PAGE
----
I run a high contrast Windows theme because I have crappy eyesight. I also program for a living and use Microsoft Visual Studio. Visual Studio has a rather lovely “Dark” theme that suits my tired old eyes very well. Unfortunately, Microsoft won’t let me use their nice “Dark” theme, because someone at Microsoft thinks they know what I want, better than I know myself. Instead, Microsoft forces Visual Studio to use their special “High Contrast” theme. The theme dropdown in the options is disabled and font/color styling is limited to a handful of colors.

So what’s the problem with that, you ask? I mean,I’m happy to use the high contrast theme elsewhere in Windows, so what’s the big deal?  For starters, their “High Contrast” theme is terrible. There is no syntax coloring or styling. It is plain, white text on a black background. It is a goddamn travesty. But the thing that bugs me most is, someone made a decision to take this choice away from me, making my work harder, and forcing me to endure a sub-optimal experience, reserved only for visually impaired users. Bravo Microsoft. Your good intentions kinda suck.

It’s not just me. Lots of people have the same problem, and not just VI users either. Here’s Microsoft’s official stance on this long existing problem..


Thank you for your feedback! The Visual Studio team has determined that this issue will not be addressed in the upcoming release. We understand the desire to have VS use a different theme from the system. To support customers who rely on high contrast and give them a single experience, we believe the the accessibility for visual Studio is paramount in this instance. We will continue to evaluate it for future releases. Thank you for helping us build a better Visual Studio!

So basically they’re saying “tough shit”.

So what is a programmer to do? Well there is a registry hack that I’ve used for a few generations of Visual Studio (like I said this is not a new issue). The hack essentially overwrites the crap “High Contrast” theme with the lovely “Dark” theme in the registry.


  1. Export this registry key: HKEY_CURRENT_USER\Software\Microsoft\VisualStudio\11.0_Config\Themes{1ded0138-47ce-435e-84ef-9ec1f439b749} (this should the key of the Dark theme)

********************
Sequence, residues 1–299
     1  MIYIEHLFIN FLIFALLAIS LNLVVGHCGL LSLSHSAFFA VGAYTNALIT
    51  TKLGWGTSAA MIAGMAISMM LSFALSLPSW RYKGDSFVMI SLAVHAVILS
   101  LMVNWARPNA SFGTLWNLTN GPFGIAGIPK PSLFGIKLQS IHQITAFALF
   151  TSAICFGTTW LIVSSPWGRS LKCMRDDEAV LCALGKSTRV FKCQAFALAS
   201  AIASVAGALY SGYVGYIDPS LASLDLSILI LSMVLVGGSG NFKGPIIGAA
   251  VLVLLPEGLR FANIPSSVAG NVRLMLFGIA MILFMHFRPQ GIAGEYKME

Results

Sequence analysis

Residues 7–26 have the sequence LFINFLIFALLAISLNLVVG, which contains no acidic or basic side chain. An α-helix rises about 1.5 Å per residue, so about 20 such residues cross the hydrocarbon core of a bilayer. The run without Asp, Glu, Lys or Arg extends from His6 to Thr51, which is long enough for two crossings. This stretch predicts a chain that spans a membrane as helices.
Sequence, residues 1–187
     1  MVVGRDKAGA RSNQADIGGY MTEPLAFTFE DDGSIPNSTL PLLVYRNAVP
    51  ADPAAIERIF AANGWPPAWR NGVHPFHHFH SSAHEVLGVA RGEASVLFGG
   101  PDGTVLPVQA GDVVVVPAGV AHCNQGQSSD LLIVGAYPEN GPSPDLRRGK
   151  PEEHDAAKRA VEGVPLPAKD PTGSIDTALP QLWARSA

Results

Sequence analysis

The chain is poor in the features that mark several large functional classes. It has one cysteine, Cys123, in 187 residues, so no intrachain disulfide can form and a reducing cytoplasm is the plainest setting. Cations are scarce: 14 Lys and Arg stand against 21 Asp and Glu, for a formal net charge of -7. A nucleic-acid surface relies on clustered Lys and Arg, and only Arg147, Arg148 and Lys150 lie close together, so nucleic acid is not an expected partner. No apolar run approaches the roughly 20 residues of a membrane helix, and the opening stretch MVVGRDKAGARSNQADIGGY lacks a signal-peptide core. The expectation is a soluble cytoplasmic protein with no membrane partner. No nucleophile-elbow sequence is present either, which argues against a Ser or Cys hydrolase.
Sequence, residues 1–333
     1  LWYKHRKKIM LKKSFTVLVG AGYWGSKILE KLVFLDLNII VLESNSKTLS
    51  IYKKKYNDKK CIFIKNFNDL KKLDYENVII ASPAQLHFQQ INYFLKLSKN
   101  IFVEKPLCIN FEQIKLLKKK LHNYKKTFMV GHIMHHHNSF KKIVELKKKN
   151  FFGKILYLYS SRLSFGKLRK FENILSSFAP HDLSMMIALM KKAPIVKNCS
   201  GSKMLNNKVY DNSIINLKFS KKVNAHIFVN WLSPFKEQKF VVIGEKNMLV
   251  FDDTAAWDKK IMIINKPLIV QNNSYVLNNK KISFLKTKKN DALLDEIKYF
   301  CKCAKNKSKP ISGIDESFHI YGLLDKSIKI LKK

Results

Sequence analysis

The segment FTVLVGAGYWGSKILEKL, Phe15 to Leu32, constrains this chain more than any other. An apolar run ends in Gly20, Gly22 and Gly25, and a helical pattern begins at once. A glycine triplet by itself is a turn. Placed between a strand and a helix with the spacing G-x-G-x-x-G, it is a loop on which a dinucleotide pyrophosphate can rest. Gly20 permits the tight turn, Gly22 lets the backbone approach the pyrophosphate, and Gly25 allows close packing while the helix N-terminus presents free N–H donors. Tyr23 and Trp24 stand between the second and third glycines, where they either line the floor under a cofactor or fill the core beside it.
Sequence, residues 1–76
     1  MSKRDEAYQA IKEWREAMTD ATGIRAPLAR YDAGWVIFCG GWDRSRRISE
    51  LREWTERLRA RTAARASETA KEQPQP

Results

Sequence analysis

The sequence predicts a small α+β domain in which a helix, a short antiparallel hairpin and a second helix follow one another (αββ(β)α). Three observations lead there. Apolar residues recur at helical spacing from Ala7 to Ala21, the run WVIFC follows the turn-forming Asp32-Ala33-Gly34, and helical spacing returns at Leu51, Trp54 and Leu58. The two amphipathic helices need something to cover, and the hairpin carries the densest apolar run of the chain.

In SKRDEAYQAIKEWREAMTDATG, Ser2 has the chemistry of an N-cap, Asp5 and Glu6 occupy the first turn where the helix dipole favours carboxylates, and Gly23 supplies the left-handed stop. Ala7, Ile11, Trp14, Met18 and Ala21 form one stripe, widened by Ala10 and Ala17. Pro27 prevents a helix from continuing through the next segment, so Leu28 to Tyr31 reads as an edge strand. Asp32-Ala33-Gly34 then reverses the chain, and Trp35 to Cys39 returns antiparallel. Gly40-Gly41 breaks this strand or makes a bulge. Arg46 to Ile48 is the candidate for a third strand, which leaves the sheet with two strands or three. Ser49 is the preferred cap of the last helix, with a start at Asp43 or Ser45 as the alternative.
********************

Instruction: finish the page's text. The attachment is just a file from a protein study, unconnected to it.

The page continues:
2. In the exported file replace the GUID of the Dark Theme ({1ded0138-47ce-435e-84ef-9ec1f439b749}) with the GUID of the High Contrast theme ({a5c004b4-2d4b-494e-bf01-45fc492522c7}):
  3. Import the reg file

This worked like a charm up until Visual Studio 2017, but they have moved the config settings out of the registry and into %AppData%. The config is stored in a private registry that can be loaded and edited in RegEdit. The themes are stored in the private registry and can be edited the same way as the old, working hack.


Fortunately, you can use regedit.exe to load a private hive. You need to select the HKEY_USERS node, and click the File > Load Hive… menu. You select the privateregistry.bin file [Editors note: located in; C:\Users\<username>\AppData\Local\Microsoft\VisualStudio\15.0_????????\] , give a name to the hive (I entered “VS2017PrivateRegistry”) and now you can see the 15.0_Config key populated as usual.

Once you have the Hive loaded into RegEdit, you can navigate to the key here;


Now the hack would be..

  1. Export te “Dark” theme registry key: HKEY_USERS\VS2017PrivateRegistry\Software\Microsoft\VisualStudio\15.0_????????_Config\Themes\{1ded0138-47ce-435e-84ef-9ec1f439b749}
  2. Replace the GUID of the “Dark” theme ({1ded0138-47ce-435e-84ef-9ec1f439b749}) with the GUID of the “High Contrast” theme ({a5c004b4-2d4b-494e-bf01-45fc492522c7})
  3. Import the reg file

Note:  Be sure to UNLOAD the Hive once you’ve applied the registry hack. Otherwise, Visual Studio wont run.

Meanwhile, Microsoft continues to see this as a non-issue.